In computer-assisted robotic surgery, a robot acts as an extension of the surgeon’s eyes and hands in a minimally invasive surgery to replace an arthritic knee. The robotics help surgeons operate more effectively through a smaller incision.
Total knee replacements are routinely done around with world with a high degree of success. When the replacements do fail, it is generally due to misalignment of the prosthesis. There is only a 3-degree window in which to place the implant appropriately. If the implant is misaligned, it is likely it will eventually become painful and may even loosen. A follow-up revision surgery is necessary to fix this. Many orthopedic surgeons now use robotic guidance systems to assist with removing and resurfacing only the arthritic part of a knee. This technique uses 3D computer mapping and micro-robotics to provide the surgeon with an amazing level of accuracy. The implant can be aligned much more accurately than with the naked eye. It has been shown to be precise to within fractions of a millimeter and assists with the balance of the implant joint.
The robotics are employed through small “minimally invasive” incisions, which result in less scarring and blood loss. Ultimately, the patient can have a shorter hospital stay and recovery period than with a conventional knee replacement.
Robotic Assistance and Partial Knee Replacement
The use of robotic guidance systems can assist surgeons with removing and resurfacing only the arthritic part of a knee without sacrificing your entire knee joint. This “minimally invasive” procedure is performed through a 2-3 inch incision and allows your surgeon to preserve as much of your natural bone and tissue as possible.
For patients with only unicompartmental osteoarthritis, this can be a good alternative to total knee replacement. As one of the least invasive knee surgeries performed, this procedure offers a smaller incision, less scarring and blood loss, a shorter hospital stay and the ability to return to everyday activities much sooner than with traditional knee replacement surgeries.
What is MAKOplasty?
MAKOplasty is a robotic arm assisted partial knee resurfacing procedure designed to relieve the pain caused by joint degeneration due to osteoarthritis (OA).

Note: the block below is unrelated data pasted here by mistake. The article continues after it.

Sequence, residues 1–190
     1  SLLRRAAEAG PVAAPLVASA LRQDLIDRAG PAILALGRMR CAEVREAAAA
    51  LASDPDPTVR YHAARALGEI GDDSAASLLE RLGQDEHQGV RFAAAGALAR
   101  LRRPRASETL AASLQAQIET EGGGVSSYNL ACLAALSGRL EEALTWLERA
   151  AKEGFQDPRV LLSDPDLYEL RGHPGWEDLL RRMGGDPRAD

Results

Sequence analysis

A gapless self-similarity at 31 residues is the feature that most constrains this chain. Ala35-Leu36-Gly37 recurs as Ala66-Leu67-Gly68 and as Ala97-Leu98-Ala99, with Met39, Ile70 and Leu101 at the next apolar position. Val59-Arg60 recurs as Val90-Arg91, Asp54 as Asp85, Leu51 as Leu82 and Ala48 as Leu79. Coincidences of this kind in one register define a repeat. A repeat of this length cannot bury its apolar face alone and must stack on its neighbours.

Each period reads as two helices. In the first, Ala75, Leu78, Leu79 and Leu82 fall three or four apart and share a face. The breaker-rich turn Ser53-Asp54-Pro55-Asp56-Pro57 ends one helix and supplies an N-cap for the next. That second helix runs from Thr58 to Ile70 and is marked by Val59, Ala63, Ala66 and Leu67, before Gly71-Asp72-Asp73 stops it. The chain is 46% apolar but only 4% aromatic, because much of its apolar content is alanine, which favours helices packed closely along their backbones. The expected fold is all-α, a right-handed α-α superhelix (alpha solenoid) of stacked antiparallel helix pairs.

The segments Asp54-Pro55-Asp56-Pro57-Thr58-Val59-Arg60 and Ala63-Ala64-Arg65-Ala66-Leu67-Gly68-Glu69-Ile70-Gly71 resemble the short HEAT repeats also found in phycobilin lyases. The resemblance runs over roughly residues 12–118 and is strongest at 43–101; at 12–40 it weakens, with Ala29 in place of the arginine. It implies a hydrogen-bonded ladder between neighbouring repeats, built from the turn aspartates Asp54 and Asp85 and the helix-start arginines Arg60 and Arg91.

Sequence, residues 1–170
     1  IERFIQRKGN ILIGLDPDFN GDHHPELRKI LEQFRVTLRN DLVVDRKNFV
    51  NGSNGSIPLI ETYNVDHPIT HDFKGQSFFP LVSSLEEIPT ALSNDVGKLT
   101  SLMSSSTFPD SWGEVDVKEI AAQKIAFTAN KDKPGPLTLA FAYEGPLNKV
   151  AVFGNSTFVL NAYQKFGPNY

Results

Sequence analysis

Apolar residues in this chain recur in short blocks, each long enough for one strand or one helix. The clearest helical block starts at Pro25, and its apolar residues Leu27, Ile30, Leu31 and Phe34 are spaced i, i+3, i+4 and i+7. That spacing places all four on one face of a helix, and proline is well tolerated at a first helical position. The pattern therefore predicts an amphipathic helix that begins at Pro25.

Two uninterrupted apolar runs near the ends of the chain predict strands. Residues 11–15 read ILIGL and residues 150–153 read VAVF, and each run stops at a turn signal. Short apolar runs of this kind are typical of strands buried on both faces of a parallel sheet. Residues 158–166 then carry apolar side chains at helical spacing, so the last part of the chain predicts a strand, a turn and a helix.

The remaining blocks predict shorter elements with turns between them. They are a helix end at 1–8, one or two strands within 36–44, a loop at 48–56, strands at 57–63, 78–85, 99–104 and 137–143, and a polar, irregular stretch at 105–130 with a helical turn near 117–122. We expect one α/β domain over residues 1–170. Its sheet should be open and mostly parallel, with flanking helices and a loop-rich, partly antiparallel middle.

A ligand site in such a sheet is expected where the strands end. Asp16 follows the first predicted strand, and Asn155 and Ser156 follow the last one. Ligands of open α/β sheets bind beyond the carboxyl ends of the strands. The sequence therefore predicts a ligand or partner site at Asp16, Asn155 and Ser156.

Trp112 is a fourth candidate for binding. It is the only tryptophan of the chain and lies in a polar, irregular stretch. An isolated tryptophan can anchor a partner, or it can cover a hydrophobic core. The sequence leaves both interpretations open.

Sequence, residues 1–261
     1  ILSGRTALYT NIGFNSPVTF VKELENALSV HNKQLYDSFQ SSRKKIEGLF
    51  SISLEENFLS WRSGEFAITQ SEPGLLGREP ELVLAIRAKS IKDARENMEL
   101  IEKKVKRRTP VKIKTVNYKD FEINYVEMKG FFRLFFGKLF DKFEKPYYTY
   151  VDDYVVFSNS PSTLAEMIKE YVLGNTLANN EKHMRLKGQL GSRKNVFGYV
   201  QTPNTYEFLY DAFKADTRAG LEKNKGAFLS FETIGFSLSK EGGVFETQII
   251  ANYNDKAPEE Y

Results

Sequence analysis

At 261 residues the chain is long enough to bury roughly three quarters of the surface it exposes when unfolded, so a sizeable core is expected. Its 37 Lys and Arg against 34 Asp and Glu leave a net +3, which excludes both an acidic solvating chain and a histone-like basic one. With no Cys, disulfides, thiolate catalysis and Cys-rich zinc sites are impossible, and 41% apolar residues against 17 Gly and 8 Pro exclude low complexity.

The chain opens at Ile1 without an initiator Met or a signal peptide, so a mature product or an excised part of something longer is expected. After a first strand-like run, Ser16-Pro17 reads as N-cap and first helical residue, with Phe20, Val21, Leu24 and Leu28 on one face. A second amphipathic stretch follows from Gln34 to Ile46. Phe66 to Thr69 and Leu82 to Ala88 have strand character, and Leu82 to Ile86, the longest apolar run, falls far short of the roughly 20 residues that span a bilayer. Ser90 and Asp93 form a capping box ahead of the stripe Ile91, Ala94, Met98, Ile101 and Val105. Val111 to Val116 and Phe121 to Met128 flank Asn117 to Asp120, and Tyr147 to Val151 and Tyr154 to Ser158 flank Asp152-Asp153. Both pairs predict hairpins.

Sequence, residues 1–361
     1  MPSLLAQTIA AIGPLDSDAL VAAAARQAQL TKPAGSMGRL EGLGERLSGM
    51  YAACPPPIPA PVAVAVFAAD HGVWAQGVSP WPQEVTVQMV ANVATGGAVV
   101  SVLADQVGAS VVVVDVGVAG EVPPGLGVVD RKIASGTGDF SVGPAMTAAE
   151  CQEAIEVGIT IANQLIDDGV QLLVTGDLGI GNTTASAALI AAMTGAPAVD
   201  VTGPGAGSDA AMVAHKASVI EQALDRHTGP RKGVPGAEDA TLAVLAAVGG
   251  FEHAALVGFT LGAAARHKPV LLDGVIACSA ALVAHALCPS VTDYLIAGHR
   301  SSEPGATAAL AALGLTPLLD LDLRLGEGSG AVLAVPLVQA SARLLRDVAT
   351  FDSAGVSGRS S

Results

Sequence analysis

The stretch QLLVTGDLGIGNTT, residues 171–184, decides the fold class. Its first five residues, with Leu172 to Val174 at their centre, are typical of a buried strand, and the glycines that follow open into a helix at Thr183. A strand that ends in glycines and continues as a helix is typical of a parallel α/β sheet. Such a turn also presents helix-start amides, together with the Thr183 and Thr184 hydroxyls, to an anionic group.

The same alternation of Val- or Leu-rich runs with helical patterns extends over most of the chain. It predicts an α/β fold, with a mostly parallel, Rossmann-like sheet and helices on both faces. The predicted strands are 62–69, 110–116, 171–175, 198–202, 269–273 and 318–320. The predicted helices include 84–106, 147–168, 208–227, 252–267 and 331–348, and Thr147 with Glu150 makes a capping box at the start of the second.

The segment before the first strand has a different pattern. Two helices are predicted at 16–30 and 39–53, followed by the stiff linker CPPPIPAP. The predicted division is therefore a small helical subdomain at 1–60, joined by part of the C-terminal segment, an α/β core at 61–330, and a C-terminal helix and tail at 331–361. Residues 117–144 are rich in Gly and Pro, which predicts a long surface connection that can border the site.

Partial Knee Resurfacing
MAKOplasty is a robotic arm assisted partial knee resurfacing procedure designed to relieve the pain caused by joint degeneration due to osteoarthritis (OA). By selectively targeting the part of your knee damaged by OA, your surgeon can resurface your knee while sparing the healthy bone and ligaments surrounding it.
MAKOplasty Partial Knee Resurfacing Can:
- Enable surgeons to precisely resurface only the arthritic portion of the knee
- Preserve healthy tissue and bone
- Facilitate optimal implant positioning to result in a more natural feeling knee following surgery
- Result in a more rapid recovery and shorter hospital stay than traditional total knee replacement surgery
Unlike other more invasive procedures MAKOplasty can often be performed through a four to six inch incision over your knee with small incisions in both your femur (thigh bone) and tibia (shin). Additionally the preservation of your own natural bone and tissue along with more ideal patient specific implant positioning may also result in a more natural feeling knee. And since healthy bone is preserved, patients who undergo MAKOplasty partial knee procedures may still be a candidate for a total knee replacement procedure later in life if necessary.